Private Student Loan Settlement – Some Perspectives

Student loans can be very difficult to repay if you have fallen behind and don’t have steady or adequate income. However, only by making an honest assessment you can perhaps make the right decision. If you have a private student loan, your choices can be quite limited, and you will have to work within the lender’s contractual terms and willingness to work with you.


Student Loan and Collections

If you are not repaying on schedule, it is quite likely that you will have been sent notices and even loan collectors may have called. Unlike defaulting on a federal student loan, a private loan lender has to sue you and get permission from the court to extract the payment from you by garnishing your wages or tax returns or by freezing your bank accounts or obtaining a lien on your assets or property. Even under these circumstances, under the law, you have protection regarding the amount that can be garnished from your wages.

What Can You Do When You Are Faced with Student Loan Collection?

If you have been successfully sued by your student loan lender, you can consider the following options; paying up in full, negotiating a plan for repayment or settling the loan. Which option, apart from a full repayment, will be available to you is more of a choice that will be exercised by your lender than what you yourself want. Read debt settlement reviews online for more clarity on the options.

Working out an affordable repayment plan is a good option if your lender is willing to cooperate, however, you must never divulge your banking details to loan collectors as they can then withdraw your money to repay the loan on the pretext that you had authorized it. If you can’t repay your loan, you can work out a settlement with your lender but typically this is only possible if you are ready with more than half of the due amount, including fees and penalties. Your credit score will take a beating and you will be liable to pay taxes on the amount written off by the lender. Most importantly, only your lender can decide if it wants to settle.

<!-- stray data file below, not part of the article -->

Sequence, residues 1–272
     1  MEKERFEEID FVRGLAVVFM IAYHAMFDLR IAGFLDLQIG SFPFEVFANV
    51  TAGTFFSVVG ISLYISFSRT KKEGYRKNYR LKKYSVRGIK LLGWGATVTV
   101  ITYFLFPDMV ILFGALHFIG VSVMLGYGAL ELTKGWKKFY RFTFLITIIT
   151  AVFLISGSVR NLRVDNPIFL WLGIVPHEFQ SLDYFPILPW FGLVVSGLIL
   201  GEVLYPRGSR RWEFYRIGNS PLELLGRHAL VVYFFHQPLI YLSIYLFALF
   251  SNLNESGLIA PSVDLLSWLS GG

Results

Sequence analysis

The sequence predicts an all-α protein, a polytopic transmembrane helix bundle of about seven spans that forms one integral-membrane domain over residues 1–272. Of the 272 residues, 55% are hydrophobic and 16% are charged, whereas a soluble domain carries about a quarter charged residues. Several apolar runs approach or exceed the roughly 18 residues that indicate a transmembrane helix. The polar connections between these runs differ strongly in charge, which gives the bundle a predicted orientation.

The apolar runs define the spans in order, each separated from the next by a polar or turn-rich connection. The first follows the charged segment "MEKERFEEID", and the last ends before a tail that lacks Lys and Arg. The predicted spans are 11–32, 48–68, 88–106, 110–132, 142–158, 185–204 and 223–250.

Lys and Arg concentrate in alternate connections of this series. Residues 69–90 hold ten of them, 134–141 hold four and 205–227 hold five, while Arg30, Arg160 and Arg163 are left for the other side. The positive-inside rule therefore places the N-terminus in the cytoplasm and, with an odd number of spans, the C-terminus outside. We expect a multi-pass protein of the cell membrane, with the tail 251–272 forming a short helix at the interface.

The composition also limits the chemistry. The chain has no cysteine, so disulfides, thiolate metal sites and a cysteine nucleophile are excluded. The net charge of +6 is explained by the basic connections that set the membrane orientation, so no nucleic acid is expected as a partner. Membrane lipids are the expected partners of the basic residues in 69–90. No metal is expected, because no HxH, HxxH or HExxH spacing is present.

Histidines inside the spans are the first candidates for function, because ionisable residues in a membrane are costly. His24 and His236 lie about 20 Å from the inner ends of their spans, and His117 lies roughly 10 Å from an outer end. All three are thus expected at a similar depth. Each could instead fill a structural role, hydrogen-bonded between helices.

The Importance of Negotiation and Documentation

Normally, lenders will not want to settle for anything less than the amount due unless they are convinced that you are truly incapable, not just unwilling, of paying the debt back. While it is perfectly okay for you to discuss and negotiate the terms of the settlement with the lender, usually by hiring a specialist lawyer, you will get better terms. Also, the lawyer will be able to ensure that the agreement arrived at with the lender is watertight, and there is no possibility of you getting sued later.

Conclusion

Defaulting on a student loan is never a good idea and you should always try and keep your repayment record intact. If you do fall back due to unexpected circumstances, try to work out a revised repayment plan, but in case your finances are so dire that you need to settle, take the help of a competent lawyer.

 

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